Editor’s Note: Nearly a month after this article was posted, the Federal Register on Nov. 1 showed more than 22,000 comments had been submitted regarding the proposed nursing home staffing rule.

DENVER — Leaders of the nation’s largest nursing home association said Monday that they would continue to fight against and eventually “triumph” over a proposed federal staffing mandate that would cost providers as much as $6.8 billion annually and require facilities to hire 100,000 new workers.

The proclamations at the American Health Care Association/National Center for Assisted Living’s Convention & Expo came as lawmakers in Washington delivered their own battle cry on the Centers for Medicare & Medicaid Services‘ proposed rule.

Nearly one-third of the Senate signed on to a letter Friday asking CMS to withdraw the mandatory staffing rule, saying this is the “worst possible time” for the mandate.

“Coming out of COVID and dealing with severe workforce supply challenges, wouldn’t it have been great to have felt the support of our president and CMS?” AHCA Board Chair Phil Fogg asked here Monday, noting the agency’s lack of team members with a long-term care or post-acute background. “This absence of experience makes it difficult for them to understand how policy impacts our day-to-day work lives and it is unfortunate. … While it doesn’t always feel like it, we have the ability to lead and triumph.” 

AHCA President and CEO Mark Parkinson called the proposal “a bad idea that’s been put together in a bad way.” While he noted some factors are starting to turn around for providers, the clinical “nightmare” of COVID and occupancy among them, he noted the sector was still experiencing a 10% decline in workforce, while all other healthcare sectors had rebounded since the pandemic’s start.

He called on providers to continue submitting comments to CMS on its proposal, which had already garnered more than 4,000 responses by Monday with just over a month to go in the formal comment period. He also urged providers to work with their members of Congress to show them the work nursing homes are doing.

“I know if we do this, we will eventually prevail on this issue,” Parkinson said during the event’s opening session. “My hope and belief is that, this time next year, when we do all this work that needs to be done … we’ll be able to continue to say that the clinical nightmare is over. We may be able to say that the business nightmare is over, and we’ll be well on our way to saying that the policy nightmare is almost over as well.”

Senators: ‘worst possible time’ for mandate

In Washington, providers got a strong showing of support over the weekend. Sen. Jon Tester (D-MT) led 28 senators hailing from a range of rural and small states and representing a mix of political ideologies: Democrat, Republican and Independent. Tester has been a vocal critic of the staffing rule since CMS first floated the idea.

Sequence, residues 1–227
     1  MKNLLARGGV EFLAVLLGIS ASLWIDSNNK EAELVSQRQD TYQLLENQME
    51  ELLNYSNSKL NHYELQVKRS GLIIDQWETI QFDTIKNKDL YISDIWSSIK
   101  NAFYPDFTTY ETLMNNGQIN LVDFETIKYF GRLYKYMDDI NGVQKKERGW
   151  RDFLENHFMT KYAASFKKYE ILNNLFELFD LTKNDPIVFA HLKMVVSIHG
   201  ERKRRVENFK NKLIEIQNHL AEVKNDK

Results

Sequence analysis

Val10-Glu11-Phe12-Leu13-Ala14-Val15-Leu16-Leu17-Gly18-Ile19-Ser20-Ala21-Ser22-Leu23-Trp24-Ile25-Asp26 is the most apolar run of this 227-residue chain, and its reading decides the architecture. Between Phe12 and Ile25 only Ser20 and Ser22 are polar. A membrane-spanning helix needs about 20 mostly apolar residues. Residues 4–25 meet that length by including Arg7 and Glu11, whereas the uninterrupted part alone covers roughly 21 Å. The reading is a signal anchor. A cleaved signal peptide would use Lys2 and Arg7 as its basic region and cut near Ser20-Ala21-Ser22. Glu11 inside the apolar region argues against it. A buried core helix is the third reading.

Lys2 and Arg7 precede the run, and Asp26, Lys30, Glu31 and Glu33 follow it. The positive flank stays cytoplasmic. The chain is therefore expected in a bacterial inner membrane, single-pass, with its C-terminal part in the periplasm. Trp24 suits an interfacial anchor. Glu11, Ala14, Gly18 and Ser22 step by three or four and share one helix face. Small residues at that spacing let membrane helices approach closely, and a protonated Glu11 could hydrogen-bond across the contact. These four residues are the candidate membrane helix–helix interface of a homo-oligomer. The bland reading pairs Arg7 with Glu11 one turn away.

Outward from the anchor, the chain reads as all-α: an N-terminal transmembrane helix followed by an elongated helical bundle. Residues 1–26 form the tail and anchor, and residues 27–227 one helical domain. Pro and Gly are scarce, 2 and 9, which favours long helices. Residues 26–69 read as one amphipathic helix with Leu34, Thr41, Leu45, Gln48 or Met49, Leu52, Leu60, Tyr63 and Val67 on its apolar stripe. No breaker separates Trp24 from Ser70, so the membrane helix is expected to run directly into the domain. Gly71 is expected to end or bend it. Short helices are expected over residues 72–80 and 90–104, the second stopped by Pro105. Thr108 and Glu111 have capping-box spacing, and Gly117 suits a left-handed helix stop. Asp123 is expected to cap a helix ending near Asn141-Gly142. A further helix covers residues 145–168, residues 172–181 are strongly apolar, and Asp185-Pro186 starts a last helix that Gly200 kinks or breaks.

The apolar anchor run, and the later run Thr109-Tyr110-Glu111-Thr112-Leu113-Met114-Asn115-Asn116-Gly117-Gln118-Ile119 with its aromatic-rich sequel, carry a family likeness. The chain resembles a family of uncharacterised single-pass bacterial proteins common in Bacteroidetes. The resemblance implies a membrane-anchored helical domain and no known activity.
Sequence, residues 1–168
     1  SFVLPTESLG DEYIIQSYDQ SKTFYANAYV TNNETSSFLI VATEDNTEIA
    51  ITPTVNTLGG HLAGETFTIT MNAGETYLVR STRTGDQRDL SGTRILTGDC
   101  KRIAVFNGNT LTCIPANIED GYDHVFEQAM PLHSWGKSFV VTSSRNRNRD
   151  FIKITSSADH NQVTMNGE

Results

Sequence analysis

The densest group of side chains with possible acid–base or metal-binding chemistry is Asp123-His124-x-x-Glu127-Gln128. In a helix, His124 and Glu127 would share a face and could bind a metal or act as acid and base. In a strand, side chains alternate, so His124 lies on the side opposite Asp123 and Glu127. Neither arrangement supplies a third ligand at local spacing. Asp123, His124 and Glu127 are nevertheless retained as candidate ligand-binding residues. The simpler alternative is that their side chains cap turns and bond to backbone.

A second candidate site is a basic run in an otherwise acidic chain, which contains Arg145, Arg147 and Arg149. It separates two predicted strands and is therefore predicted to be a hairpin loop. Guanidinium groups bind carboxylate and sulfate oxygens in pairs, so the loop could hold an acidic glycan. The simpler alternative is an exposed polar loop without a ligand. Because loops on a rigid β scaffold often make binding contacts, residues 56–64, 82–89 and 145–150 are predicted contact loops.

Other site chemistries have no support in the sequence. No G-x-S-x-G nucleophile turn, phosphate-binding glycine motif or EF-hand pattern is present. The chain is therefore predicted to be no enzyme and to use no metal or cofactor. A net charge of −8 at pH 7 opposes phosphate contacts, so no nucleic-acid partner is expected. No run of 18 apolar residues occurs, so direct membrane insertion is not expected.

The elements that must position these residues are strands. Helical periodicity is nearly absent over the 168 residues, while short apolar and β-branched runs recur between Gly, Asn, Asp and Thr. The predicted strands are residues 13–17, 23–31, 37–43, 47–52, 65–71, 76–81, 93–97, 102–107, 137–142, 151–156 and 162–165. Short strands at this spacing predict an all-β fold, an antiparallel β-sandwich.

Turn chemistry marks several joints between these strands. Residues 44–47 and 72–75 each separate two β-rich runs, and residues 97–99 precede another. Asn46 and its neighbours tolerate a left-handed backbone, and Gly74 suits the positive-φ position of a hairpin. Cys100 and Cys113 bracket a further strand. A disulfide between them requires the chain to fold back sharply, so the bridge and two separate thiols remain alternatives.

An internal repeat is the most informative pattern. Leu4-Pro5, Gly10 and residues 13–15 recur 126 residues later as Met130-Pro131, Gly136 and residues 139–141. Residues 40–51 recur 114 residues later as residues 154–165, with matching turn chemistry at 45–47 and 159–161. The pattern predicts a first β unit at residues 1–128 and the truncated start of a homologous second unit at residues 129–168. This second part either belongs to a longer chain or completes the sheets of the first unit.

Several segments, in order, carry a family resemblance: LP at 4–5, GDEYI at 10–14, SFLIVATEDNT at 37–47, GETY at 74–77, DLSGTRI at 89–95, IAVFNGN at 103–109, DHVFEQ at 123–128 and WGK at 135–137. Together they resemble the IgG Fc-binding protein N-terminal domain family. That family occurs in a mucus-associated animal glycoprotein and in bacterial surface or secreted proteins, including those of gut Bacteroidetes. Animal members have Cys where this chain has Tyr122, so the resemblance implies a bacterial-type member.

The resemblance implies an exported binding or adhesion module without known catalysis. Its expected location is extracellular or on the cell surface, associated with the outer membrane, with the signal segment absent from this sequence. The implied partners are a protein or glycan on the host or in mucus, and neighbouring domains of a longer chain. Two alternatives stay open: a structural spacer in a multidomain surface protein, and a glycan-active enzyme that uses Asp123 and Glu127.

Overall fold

“In many parts of the country, America’s long-term care facilities are facing severe workforce shortage issues that are harming access to critical care for our nation’s seniors,” the senators wrote. “With this in mind, we are deeply concerned that now is the worst possible time for the United States to establish the nation’s first federal staffing mandate for long-term care facilities. We believe the rule as proposed is overly burdensome and will result in additional closures and decreased access to care.”

CMS released the long-awaited staffing mandate Sept. 1. It would require nursing homes to provide 0.55 hours of direct RN care per patient day and 2.45 hours of nurse aid care. While the rule would go into effect in three years after being finalized, it gives an extra two years for rural facilities to get up to speed on the overall hourly rate. Rural facilities would have an extra year to meet the proposal for 24/7 RN coverage while all other nursing homes would have just two years after the rule is finalized to meet this requirement. 

The rural flexibilities appear to be a nod to the pushback from Tester and other senators who represent rural states.

In January, McKnight’s Long-Term Care News reported on a letter — also led by Tester — from 13 senators representing Arizona, Colorado, Montana, Nebraska, North Dakota, South Dakota, West Virginia and Wyoming calling the proposal a “one-size-fits-all staffing mandate [that] would undermine access to care for patients, particularly in rural communities.”

The other senators signing the latest letter are: Marsha Blackburn (R-TN), John Boozman (R-AR), Shelley Moore Capito (R-WV), Bill Cassidy (R-LA), Kevin Cramer (R-ND), Susan Collins (R-ME), Tom Cotton (R-AR), Steve Daines (R-MT), Bill Hagerty (R-TN), Maggie Hassan (D-NH), John Hoeven (R-ND), Cindy Hyde-Smith (R-MS), Angus King (I-ME), James Lankford (R-OK), Mike Lee (R-UT), Joe Manchin (D-WV), Roger Marshall (R-KS), Jerry Moran (R-KS), Markwayne Mullin (R-OK), Jim Risch (R-ID), Mike Rounds (R-SD), Marco Rubio (R-FL), Kyrsten Sinema (I-AZ), John Thune (R-SD), Thom Tillis (R-NC), Jeanne Shaheen (D-NH) and Roger Wicker (R-MS).